Weekend Forecast for June 26-28, 2009
By Reagen Sulewski
June 24, 2009

We always hated it when Optimus Prime broke out his vacation photos.

Although a couple of surprise films have broken through this summer, the season has so far lacked a film that truly defines summer blockbuster – with that massive opening weekend built on hype. All signs point to this weekend finally providing such a weekend, though if we've learned one lesson this summer, it's not to count on anything.

Transformers: Revenge of the Fallen is the sequel to 2007's astoundingly successful toy-commercial-cum-action-movie directed by Michael Bay. After opening to $155 million over six days and earning close to three-quarters of a billion worldwide, Bay has to be looking to up the ante on the sequel, making it louder, shinier and explodier. Megatron is somehow back and organizing the Decepticons to recover an artifact that Shia LaBeouf's character stumbled upon ... and I feel silly for even taking this remotely seriously. Explosion!

The 2007 film veered between some undeniably gripping action scenes and outright ridiculousness, or in other words, the Michael Bay that we all know and love to hate. Explosion! It also introduced us to Megan Fox, for which you may either curse or worship Bay for at your leisure.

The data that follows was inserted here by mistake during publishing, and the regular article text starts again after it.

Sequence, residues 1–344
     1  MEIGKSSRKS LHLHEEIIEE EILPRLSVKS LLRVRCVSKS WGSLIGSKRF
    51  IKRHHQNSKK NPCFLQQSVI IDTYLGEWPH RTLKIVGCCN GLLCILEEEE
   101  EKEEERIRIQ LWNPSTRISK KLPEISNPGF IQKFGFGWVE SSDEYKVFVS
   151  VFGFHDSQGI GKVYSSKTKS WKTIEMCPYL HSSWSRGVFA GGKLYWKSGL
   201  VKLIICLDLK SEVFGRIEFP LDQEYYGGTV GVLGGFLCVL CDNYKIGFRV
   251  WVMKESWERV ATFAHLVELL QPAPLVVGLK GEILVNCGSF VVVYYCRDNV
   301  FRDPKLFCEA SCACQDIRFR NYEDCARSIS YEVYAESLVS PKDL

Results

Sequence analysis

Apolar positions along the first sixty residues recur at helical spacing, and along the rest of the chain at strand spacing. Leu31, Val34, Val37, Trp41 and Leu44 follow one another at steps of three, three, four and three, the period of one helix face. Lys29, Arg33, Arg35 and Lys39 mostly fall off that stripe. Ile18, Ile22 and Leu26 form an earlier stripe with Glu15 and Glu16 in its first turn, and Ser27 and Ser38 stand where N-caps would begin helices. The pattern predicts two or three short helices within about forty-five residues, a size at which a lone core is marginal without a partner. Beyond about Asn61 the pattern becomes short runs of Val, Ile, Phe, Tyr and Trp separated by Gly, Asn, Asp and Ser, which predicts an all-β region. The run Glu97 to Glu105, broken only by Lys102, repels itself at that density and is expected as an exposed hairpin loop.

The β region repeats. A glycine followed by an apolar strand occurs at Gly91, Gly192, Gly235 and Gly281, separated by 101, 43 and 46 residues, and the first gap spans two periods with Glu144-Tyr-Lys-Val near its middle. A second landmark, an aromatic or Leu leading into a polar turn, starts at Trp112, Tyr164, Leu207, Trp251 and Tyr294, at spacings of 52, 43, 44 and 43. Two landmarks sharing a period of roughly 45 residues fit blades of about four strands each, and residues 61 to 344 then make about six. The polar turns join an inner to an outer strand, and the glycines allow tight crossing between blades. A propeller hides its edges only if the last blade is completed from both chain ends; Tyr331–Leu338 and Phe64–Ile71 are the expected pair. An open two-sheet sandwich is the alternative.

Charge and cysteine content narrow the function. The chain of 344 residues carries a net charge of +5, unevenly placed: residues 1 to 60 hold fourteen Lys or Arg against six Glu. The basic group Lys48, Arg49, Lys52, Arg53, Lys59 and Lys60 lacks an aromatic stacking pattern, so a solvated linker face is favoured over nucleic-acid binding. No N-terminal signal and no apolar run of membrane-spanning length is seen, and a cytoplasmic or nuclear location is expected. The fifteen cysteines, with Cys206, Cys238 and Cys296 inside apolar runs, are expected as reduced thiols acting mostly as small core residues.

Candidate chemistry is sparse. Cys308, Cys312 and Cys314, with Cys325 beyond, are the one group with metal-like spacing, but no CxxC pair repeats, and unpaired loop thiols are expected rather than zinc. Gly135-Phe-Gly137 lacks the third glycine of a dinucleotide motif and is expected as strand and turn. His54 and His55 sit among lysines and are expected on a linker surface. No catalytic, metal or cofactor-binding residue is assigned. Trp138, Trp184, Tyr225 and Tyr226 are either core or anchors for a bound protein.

Reviews of the sequel are more or less abysmal (Explosion!), although that didn't stop people from going to see the first film. In this case, it might end up being a case where even though the general public knows the film will be ridiculous, there's sort of a mass-cultural hypnosis to see it - sort of the opposite of "nobody goes there anymore, it's too crowded". Explosion! It also seems to be more overtly kiddie this time around, which probably doesn't hurt things, since it's firing at the 13 and under demo almost primarily.